After a heated extra-ordinary meeting Wednesday most of the over 400 members of the Civil Service Association (CSA) voted in favour of a 0.00 per cent wage proposal.
The decision to forgo the increase followed the President’s report that the Government’s Negotiating Team (GNT) was sticking to 4 per cent as its final wage offer, in addition to refusing the requested allowances.
CSA President Mary Issac said her members were clear that if government insists that it could not afford anything more than 4 per cent then Government could keep its percentage wage increase, and the CSA would only accept the attached conditions proposed by the GNT.
“The members were mindful of the fact that a 4 per cent increase would put most of them into a new tax bracket, where government will simply get back the increase in taxes.
“Government is on one hand pretending to give them something while on the other hand it would be taken away, they are saying they might as well leave it for the state.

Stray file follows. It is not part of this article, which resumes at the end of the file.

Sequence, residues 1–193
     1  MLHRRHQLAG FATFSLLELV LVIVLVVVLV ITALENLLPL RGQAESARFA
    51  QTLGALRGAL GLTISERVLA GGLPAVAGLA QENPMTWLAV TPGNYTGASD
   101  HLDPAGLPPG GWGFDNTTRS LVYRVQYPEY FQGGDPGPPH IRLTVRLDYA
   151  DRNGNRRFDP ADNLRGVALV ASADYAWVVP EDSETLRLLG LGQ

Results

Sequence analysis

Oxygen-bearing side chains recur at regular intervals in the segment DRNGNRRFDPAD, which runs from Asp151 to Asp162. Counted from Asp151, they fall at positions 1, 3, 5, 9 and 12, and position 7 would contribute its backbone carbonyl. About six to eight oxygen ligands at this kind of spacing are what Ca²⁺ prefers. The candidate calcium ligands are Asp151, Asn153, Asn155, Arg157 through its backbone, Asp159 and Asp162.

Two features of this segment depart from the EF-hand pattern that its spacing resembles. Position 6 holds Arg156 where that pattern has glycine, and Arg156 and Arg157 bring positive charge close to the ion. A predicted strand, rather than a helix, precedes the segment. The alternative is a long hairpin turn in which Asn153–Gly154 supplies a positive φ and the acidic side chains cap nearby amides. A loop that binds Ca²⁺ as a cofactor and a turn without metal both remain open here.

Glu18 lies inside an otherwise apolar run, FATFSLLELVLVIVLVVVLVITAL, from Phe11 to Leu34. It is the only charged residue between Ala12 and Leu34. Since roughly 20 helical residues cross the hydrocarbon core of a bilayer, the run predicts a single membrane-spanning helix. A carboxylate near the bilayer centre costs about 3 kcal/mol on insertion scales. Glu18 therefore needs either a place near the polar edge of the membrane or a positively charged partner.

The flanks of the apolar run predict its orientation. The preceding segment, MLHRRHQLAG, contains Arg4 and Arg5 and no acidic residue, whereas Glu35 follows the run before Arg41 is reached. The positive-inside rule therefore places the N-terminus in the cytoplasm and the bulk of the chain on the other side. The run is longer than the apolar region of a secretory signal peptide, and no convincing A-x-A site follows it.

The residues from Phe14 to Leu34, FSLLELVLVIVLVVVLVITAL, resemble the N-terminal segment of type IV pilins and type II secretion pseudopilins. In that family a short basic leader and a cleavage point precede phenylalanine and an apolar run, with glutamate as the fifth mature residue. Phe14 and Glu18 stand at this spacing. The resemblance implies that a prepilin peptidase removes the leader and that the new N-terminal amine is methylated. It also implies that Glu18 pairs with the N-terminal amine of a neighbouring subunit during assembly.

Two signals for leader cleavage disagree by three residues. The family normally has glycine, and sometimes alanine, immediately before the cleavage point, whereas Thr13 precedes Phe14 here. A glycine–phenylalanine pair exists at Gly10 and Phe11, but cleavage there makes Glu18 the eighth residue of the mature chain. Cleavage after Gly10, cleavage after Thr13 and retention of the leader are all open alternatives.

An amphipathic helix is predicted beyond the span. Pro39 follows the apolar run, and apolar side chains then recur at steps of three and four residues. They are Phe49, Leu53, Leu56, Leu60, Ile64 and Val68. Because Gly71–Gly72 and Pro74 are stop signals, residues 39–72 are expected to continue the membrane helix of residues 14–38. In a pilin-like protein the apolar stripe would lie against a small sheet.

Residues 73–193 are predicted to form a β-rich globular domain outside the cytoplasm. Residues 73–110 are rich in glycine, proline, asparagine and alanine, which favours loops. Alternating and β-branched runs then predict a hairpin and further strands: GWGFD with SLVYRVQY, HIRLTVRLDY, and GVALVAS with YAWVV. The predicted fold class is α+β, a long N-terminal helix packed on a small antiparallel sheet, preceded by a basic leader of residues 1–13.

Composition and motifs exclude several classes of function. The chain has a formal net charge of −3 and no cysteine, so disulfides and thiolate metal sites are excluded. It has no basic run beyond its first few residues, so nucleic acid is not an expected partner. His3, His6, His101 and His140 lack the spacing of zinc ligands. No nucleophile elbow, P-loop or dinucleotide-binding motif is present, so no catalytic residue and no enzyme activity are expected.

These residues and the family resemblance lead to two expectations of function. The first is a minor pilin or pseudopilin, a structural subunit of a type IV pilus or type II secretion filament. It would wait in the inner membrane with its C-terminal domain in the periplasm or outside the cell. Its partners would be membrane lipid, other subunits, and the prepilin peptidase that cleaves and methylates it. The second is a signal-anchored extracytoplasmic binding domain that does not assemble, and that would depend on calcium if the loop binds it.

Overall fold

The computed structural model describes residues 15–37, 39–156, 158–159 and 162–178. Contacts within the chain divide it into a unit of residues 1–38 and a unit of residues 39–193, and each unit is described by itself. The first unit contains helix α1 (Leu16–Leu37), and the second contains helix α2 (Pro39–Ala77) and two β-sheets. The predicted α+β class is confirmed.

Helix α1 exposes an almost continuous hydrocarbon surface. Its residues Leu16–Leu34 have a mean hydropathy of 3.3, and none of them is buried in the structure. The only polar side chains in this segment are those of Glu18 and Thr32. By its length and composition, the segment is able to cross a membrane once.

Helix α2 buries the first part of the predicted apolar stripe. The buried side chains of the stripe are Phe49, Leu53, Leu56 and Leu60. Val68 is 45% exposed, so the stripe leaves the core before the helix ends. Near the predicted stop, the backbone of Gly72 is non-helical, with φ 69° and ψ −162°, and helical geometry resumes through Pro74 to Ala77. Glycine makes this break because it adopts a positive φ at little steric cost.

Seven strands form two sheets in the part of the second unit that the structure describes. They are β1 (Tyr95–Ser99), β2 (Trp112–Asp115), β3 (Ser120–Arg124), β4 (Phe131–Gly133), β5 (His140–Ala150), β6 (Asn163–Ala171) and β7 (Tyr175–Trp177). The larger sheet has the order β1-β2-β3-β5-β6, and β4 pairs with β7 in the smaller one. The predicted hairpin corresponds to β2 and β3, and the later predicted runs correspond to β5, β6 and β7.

“They feel that they have worked hard and deserve more than the four per cent and if that is all government is prepared to give, the members feeling offended and disrespected at that, are now saying let the state keep it,” she added.
Issac said the CSA was especially disappointed in government’s decision not to grant the lowest earning members at grades 1-6, a EC$175 dollar allowance, while acceding to a 100 dollar proposal for Grades 7-18.
She says the move was terribly unfair to the low income earners in light of the increased cost of living, which includes VAT, water rate hikes, and bus fare increases. Issac said even after the CSA revised its position, the proposal was rejected.
However the CSA membership was also clear about accepting the GNT’s proposed conditions outside of the wage increase, for an increase in travel allowance and a review of the pension scheme.
She said the CSA will now write to the GNT expressing the mandate of its members, and Government will have the option to legislate the 4 per cent wage increase across the board since the other public service unions have signed on or they can grant the CSA their request for a wage freeze.